Category: About Us

America’s Favorite Halloween Candy Is…

candystore.com
www.candystore.com features an interactive map of favorite Halloween candy.

Even though it’s many people’s favorite holiday, Halloween might seem like a nightmare for dentists. Actually, at Meyer & Johns we LOVE Halloween — our staff is in the spirit all month long. It’s just the after-effects of all that candy we don’t like.  We talk about it every year, but sensible consumption and good brushing habits are key to winning the candy battle. We trust that you know what strategy works best with each of your children. If you’re still not sure, check out our blog post HERE for age and developmentally-appropriate approaches. 

 

We trust that you know what to do, so enough about teeth – let’s talk about the candy! Confectionary information and shopping website candystore.com has compiled a mountain of data on candy sales and consumption. They recently published an interactive map that lists the favorite Halloween candy for each of the 50 U.S. states, including pounds sold, as well as 2nd and 3rd-place choices by state.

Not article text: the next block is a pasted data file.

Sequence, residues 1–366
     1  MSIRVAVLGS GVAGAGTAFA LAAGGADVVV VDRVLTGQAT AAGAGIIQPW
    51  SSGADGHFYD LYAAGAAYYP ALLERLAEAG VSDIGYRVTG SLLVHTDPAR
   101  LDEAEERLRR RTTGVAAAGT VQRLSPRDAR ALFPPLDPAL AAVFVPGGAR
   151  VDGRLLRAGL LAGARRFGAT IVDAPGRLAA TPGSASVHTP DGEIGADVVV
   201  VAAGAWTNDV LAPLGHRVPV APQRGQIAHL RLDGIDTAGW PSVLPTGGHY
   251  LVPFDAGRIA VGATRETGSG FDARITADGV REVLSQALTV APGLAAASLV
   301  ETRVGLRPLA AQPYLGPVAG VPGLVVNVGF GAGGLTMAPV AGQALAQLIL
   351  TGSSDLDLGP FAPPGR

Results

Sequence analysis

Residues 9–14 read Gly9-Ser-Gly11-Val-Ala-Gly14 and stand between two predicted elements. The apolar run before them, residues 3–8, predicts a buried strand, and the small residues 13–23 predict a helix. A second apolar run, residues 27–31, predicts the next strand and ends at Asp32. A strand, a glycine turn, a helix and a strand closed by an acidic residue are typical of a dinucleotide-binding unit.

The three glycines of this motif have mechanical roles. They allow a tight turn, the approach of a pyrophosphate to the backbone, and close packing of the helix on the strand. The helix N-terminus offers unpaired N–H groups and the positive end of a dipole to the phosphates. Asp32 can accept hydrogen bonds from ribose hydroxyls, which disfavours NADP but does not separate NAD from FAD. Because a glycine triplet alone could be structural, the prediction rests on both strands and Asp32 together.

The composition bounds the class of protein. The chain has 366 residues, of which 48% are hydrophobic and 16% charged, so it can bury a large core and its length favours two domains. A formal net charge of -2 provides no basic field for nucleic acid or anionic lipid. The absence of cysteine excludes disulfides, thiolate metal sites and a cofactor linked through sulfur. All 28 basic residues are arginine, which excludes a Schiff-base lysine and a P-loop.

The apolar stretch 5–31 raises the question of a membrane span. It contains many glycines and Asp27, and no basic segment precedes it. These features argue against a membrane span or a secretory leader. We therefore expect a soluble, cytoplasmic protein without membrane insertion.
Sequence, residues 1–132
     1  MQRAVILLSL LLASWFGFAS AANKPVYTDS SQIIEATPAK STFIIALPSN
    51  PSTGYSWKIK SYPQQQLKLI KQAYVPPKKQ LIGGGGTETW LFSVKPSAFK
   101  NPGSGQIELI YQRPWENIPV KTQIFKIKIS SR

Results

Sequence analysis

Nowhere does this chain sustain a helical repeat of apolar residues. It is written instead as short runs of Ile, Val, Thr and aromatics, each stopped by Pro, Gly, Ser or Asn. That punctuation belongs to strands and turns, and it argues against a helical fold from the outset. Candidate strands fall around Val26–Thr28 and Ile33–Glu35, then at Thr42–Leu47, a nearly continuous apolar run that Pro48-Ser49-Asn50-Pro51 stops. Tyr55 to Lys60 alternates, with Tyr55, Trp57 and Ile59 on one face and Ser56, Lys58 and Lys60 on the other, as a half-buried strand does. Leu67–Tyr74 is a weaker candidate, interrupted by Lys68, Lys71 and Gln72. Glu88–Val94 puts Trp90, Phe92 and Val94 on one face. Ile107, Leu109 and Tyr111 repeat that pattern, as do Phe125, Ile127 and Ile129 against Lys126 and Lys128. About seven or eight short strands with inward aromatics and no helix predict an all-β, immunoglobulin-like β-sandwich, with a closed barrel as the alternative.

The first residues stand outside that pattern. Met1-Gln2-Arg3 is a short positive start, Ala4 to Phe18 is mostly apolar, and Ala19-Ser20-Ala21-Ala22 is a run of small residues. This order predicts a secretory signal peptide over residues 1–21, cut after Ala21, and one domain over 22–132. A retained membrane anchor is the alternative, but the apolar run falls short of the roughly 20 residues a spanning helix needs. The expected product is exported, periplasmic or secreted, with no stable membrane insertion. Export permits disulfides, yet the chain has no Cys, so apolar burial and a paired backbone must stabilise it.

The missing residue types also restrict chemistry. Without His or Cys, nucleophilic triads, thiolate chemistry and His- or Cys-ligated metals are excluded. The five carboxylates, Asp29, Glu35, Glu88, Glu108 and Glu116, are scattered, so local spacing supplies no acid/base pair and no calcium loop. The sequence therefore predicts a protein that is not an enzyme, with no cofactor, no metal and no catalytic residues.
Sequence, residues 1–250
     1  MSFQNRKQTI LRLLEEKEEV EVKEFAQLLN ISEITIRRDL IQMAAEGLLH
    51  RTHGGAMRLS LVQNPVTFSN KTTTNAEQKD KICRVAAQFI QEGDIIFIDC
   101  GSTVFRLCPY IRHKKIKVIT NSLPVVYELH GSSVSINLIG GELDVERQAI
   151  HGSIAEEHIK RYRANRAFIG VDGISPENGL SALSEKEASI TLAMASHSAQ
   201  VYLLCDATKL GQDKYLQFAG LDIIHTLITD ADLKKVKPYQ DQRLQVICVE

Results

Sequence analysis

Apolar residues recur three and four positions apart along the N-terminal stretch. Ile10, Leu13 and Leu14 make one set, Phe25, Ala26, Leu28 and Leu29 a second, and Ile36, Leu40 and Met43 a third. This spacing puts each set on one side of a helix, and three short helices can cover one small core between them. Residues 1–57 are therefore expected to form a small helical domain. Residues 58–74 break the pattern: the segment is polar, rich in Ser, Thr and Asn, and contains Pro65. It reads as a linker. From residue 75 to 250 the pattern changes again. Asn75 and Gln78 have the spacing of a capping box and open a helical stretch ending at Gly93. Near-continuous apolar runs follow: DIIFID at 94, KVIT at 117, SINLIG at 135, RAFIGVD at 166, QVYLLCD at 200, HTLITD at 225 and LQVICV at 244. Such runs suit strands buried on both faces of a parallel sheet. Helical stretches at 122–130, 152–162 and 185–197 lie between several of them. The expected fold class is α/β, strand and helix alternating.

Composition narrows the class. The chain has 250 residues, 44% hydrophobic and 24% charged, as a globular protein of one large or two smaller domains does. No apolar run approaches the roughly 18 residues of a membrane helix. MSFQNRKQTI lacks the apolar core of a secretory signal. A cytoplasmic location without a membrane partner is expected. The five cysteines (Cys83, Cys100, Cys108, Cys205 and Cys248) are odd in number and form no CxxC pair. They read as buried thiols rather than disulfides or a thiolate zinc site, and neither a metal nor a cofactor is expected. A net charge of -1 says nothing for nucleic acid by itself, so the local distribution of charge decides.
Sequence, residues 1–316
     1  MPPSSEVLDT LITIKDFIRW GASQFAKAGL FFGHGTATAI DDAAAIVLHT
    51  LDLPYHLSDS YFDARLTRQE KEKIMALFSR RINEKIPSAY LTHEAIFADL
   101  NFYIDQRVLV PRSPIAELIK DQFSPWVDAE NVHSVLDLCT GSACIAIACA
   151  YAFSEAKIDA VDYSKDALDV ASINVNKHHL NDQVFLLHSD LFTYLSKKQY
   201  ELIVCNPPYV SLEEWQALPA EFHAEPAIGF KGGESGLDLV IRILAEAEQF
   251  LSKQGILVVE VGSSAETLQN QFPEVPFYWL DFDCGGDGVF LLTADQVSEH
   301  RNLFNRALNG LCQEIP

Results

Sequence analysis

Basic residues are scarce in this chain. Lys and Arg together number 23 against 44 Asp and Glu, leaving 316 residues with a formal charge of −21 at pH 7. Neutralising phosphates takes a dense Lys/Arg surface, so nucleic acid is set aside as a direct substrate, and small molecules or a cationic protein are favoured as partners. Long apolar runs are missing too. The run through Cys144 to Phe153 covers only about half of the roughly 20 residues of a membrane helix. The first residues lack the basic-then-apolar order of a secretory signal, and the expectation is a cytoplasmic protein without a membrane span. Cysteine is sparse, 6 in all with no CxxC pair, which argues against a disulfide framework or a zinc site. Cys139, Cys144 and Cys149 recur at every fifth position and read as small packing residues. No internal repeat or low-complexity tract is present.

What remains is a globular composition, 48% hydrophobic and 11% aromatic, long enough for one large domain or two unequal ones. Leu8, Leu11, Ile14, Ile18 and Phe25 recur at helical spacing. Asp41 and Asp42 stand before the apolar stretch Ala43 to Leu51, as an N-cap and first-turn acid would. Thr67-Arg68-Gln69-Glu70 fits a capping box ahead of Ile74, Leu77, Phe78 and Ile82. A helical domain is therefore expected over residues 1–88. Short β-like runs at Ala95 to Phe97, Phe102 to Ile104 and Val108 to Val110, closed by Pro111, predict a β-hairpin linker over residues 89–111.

Missouri’s fave? The Milky Way bar, a preference we share with Maryland and Vermont. Some of the interesting tidbits include:

  • Corn Rules! Candy Corn is the most popular nationwide, taking the top spot in seven of the 50 states. Somewhat surprisingly, Skittles came in at #2, with five. 
  • Cowboy Candy?  Dubble Bubble gum was the favorite Halloween candy in Oklahoma and Montana. Don’t they know what they’re missing?
  • Location, location… Not surprisingly, the extreme Northeast and Northwest favor salt water taffy. 
  • Marketing wisely? Two of the most-recognizable and highly-promoted products – Twix and Kit-Kat – only ranked 1st in one state apiece.